PORTAGE — Janice Wozniak has six cribs, one in every room of her ranch-style home, neatly stacked clothing in sizes infant to 5T and a basement full of toys.
Wozniak, 73, is well-prepared for the job she has held over the last 45 years —providing foster care to 400 babies and toddlers.
The children she has taken into her Portage home through the years include those with drug and alcohol addiction, those burned and abused, those medically challenged and those brought to her home in the dead of night.
"God has put the love of babies in my heart," Wozniak said.
On a recent weekday, Wozniak cuddled close to her a 2-month-old baby boy, while keeping her eyes on an 18-month-old toddler boy, whose attention focused on visitors, "Sesame Street" and his favorite toys.
Wozniak said the toughest part of being a foster parent is taking care of youngsters in their earliest days and then handing them back to their biological or adoptive parents usually around age 2.
"Once they leave, I rarely see them again. That's the sad part. I miss them," Wozniak said.
She recalls past farewells to her young charges in which she and her late husband, Henry Wozniak, would close the door and both break down in tears.
"We had some of them since birth, and we're their mom and dad until they leave with new people who will be their parents. Once they leave, you have to let go. You worry about them, dream about them and hear them cry and realize they are not here. It's not easy. It's very traumatic on our family," Wozniak said.
She said God gave her the perfect husband when she and Henry married in 1967. She lost him April 22 when he died due to complications from a fall.
"He was the perfect husband with all the little ones. It was so sad when he passed because he did all the cooking and babysitting. When you would see Henry he was in his recliner with three little ones on his lap," Wozniak said.
And although Wozniak has no intention of retiring from her foster care job, she does intend to go from taking care of up to five children to two or three.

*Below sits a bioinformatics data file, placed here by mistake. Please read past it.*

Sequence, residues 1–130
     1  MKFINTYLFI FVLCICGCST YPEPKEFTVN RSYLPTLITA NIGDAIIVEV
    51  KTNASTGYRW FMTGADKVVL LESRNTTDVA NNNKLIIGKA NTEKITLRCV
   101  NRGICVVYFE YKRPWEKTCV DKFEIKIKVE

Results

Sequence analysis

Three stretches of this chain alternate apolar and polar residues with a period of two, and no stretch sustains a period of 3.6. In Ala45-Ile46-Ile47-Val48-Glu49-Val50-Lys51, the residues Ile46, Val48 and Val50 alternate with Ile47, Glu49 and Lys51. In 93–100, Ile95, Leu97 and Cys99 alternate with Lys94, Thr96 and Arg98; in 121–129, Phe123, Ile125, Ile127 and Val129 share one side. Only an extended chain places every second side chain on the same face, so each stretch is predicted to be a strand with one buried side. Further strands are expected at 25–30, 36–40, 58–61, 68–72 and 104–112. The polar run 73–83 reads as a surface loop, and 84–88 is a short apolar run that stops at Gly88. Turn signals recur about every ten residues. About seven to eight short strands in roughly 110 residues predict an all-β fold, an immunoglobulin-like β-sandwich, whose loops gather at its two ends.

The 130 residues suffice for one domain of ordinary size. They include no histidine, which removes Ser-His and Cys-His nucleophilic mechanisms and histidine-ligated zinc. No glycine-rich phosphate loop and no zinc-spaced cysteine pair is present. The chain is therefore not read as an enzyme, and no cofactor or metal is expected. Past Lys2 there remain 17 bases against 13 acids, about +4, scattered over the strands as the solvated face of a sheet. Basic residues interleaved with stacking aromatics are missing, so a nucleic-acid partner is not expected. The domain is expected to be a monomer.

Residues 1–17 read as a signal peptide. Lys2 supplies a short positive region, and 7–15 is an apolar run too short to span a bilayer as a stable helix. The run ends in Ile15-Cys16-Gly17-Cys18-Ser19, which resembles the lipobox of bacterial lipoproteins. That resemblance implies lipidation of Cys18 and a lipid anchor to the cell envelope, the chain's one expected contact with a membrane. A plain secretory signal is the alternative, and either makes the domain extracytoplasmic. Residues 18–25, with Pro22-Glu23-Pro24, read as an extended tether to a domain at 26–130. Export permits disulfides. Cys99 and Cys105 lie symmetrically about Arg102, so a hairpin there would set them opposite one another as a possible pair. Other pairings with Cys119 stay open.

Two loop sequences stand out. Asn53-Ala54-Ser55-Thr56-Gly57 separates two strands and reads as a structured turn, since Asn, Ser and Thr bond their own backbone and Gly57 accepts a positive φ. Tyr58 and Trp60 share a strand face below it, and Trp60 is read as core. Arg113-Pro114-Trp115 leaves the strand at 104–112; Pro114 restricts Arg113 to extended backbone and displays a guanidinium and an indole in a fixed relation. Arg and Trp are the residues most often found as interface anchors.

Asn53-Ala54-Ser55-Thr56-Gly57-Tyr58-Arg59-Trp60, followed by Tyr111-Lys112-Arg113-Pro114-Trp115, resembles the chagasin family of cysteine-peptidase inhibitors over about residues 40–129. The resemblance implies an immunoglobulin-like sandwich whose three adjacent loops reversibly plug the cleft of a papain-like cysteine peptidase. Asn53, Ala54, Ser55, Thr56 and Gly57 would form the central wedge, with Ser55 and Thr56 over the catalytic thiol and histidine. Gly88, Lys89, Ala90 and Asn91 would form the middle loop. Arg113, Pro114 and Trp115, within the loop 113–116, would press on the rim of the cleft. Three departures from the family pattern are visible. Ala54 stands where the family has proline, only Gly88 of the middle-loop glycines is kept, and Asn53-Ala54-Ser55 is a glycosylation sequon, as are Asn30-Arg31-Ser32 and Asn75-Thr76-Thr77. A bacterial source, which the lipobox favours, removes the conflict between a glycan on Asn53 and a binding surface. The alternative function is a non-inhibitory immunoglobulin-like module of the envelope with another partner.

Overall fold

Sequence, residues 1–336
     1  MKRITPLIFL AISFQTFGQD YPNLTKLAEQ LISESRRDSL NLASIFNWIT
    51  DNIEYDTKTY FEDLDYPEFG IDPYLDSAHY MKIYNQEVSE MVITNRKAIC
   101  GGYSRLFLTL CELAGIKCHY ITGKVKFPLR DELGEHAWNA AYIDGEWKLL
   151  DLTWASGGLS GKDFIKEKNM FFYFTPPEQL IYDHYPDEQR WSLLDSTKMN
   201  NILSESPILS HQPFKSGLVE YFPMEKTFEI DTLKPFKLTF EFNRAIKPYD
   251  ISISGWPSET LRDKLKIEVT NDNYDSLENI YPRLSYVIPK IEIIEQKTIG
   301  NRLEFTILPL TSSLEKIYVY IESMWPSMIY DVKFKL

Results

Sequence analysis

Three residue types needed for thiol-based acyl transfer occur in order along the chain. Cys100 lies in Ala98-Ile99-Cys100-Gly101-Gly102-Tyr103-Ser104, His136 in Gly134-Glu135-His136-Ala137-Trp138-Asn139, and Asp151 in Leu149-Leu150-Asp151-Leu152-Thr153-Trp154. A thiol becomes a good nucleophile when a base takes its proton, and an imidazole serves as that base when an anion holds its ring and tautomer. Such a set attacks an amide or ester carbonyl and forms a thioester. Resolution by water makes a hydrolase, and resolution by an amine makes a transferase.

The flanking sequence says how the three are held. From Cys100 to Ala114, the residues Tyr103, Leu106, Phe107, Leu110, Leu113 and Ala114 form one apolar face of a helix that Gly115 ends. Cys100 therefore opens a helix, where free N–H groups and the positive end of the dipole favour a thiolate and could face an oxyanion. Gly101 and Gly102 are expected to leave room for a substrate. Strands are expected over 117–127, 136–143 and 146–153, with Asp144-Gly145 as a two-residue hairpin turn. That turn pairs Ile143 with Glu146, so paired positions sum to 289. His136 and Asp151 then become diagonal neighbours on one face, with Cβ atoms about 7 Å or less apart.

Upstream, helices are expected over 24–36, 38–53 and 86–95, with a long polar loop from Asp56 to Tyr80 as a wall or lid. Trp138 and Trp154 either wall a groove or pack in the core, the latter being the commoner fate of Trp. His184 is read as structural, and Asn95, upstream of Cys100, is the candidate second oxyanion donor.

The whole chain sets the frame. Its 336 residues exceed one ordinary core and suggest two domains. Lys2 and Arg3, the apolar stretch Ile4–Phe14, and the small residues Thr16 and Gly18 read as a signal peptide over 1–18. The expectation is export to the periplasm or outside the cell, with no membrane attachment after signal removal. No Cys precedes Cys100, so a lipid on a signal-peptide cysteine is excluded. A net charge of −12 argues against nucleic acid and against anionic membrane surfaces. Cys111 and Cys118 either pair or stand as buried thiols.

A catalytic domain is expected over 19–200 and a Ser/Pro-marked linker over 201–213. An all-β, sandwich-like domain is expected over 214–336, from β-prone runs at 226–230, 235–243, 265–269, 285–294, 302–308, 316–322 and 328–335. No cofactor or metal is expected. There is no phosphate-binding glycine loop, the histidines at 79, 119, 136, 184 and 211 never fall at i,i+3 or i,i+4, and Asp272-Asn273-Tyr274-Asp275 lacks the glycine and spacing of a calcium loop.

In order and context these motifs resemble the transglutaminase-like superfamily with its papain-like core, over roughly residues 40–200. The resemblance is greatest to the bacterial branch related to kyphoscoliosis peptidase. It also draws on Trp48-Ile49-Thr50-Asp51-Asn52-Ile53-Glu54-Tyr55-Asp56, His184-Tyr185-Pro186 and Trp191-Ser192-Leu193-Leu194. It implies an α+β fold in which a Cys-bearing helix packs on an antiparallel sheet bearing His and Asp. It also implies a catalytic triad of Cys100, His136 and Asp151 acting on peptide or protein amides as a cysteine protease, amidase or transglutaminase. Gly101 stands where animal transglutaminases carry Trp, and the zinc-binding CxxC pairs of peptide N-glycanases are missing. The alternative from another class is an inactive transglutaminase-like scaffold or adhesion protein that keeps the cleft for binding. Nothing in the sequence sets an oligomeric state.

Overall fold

"(Foster care) is the love of my life. I'll have to slow down a little because my husband is not here," she said.
Wozniak grew up in Portage and knew at age 8 that she wanted to become a foster care parent.
"There was a young couple that were foster care parents in my church when I was growing up, and I admired them. I remember thinking that I'd love to do that when I grow up," she said.
After graduating from high school, Wozniak got a job at U.S. Steel and met Henry on a blind date.
The two got married and had two of their own biological children: James and Jodi. They later adopted two more children, Krissi and Daniel.
The Wozniaks signed up for the foster care program in 1975.
Having foster care "siblings" around her is something Jodi Barnard, 46, said was second nature for her.
Barnard was only a year old when her parents signed up for the program.
"This was life for us. None of my friends could compete with that. I was always thrilled to share that my parents had all these foster children," Barnard said.
And through the years of fostering other babies and children, it wasn't always easy for her parents, she said.
"When (the children) are alcohol- or drug-addicted, they have problems," Barnard said.
Her parents dealt with children who pulled down blinds, pulled off baseboards from the wall and even took dressers apart.
"They can be very destructive," Barnard said.
Krissi VanMeter, 41, said she was adopted by the Wozniaks as a drug-addicted baby, but she soon became "daddy's little girl" and a beloved member of the family.
"They loved everyone. They give wholeheartedly, and they always have. They spoiled all of us," VanMeter said.
She and Barnard said they plan to spoil their mom on Mother's Day, including treating her to her favorite chicken salad from Marilyn's Bakery in Hobart.
Wozniak said she generally has a house full of family members, including her mom, but this year, due to COVID-19 concerns, the annual get-together may be different.
"I wanted to have them all here, but my 92-year-old mom is at her own home, and we're protective of her," Wozniak said.
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